Coding procedures for each article focused on four areas: location of assessment, participant demographics, assessment procedures, and results of the assessment. Each area was comprised of specific dimensions categorized by labels found in the articles, and then recorded per each student in the article. Coding for the location of assessment consisted of two labels, analog settings and classroom settings. We used the analog label to categorize articles that conducted assessment procedures in an analog setting, an empty classroom, or therapy room. We used the classroom label for studies in which articles demonstrated assessment procedures in preschool, general education, and self-contained classroom settings. Coding focused on the actual location of assessment procedures, as compared to the student's educational location. To focus this review on assessment procedures relevant for classroom settings, we separated articles into separate groups based upon the location of the assessment, and then utilized the following coding procedures to examine the articles.
Coding for student demographics consisted of two dimensions, the number of students in the study, and the psychological and/or mental classification of the students. Students' psychological and/or mental classification included seven labels: mental disability, developmental delay, behavioral or emotional delay, not disabled, genetic syndrome, hearing/vision impairment, and not specified. The 'mental disability' label represented students without another type of psychological or developmental condition (e.g. developmental delay, downs syndrome, etc.). The 'not disabled' label represented students that attended a general education classroom without a formal disability.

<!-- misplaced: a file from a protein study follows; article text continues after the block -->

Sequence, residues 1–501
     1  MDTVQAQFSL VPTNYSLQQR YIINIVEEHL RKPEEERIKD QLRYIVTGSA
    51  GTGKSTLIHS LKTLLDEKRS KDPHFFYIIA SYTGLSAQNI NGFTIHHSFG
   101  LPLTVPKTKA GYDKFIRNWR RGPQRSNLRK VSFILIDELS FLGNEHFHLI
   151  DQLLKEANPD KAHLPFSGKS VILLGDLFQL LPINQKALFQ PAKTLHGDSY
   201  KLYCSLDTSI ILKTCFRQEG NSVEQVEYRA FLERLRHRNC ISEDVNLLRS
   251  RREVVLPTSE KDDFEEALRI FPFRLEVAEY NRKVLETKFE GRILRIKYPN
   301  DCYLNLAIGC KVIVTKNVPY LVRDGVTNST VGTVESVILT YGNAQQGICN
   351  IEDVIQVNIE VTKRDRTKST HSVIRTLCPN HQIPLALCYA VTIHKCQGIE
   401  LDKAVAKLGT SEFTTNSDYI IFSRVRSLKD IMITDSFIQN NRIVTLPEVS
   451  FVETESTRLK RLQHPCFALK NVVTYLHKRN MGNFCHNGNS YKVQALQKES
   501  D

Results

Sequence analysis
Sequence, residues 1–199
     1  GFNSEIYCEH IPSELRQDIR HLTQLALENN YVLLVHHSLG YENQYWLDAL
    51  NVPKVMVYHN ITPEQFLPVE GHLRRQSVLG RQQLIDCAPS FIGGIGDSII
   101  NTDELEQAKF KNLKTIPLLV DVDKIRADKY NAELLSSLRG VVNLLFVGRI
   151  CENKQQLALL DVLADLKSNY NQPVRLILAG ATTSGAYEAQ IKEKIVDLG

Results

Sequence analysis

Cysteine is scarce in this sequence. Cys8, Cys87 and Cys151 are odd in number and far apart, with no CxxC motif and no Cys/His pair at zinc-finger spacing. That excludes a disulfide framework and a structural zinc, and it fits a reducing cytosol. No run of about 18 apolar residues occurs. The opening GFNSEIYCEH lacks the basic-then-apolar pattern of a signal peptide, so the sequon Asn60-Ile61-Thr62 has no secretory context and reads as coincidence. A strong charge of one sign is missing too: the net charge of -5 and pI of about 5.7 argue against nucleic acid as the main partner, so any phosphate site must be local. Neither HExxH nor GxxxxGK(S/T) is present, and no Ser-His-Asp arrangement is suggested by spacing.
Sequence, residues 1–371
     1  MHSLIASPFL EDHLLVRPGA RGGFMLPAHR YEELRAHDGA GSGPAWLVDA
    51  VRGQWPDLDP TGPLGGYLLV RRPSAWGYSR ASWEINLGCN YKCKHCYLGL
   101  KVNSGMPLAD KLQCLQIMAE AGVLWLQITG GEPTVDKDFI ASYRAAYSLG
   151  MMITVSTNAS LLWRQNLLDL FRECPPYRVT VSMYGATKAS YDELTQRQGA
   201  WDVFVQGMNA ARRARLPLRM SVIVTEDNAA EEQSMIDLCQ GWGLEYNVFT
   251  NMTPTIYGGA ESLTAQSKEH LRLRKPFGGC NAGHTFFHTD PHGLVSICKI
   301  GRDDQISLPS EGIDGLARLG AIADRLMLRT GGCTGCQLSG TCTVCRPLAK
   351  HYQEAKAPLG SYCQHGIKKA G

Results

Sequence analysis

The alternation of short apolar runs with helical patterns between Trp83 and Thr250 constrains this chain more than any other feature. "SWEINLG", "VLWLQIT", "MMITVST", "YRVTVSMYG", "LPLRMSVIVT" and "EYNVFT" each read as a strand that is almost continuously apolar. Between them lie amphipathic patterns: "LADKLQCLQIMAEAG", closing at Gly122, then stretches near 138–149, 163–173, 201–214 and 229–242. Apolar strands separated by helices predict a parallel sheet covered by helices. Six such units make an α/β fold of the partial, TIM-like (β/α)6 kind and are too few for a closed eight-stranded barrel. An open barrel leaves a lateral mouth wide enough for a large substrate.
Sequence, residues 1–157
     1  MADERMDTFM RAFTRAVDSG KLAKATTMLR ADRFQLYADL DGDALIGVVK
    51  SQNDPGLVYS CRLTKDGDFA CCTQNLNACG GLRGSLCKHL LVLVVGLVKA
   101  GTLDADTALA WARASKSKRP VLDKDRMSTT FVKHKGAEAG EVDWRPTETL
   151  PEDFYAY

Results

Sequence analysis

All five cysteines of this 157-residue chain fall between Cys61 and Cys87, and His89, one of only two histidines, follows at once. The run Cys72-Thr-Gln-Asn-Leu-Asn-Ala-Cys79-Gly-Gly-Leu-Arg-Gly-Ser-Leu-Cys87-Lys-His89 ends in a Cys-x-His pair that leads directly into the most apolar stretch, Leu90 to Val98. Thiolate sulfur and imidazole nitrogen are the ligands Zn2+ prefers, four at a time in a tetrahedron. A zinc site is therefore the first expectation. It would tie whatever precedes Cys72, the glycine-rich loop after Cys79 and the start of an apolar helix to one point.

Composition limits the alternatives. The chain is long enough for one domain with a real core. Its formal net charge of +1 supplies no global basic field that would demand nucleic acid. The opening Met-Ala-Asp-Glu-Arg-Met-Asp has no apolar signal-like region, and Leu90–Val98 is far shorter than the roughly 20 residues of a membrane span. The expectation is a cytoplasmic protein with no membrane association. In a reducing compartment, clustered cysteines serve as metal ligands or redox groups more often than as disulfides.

Coding for assessment procedures consisted of five dimensions: personnel used to present consequences, personnel that collected data, number of conditions manipulated during assessment procedures, length of sessions, and the number of maintaining condition replications. The personnel that presented conditions and the personnel that collected data dimensions included seven labels: peer, therapists, consultant, assistant, graduate student, teacher, or not specified. The 'consultant' label represented individuals described as an experimenter, professor, researcher, or consultant in the article.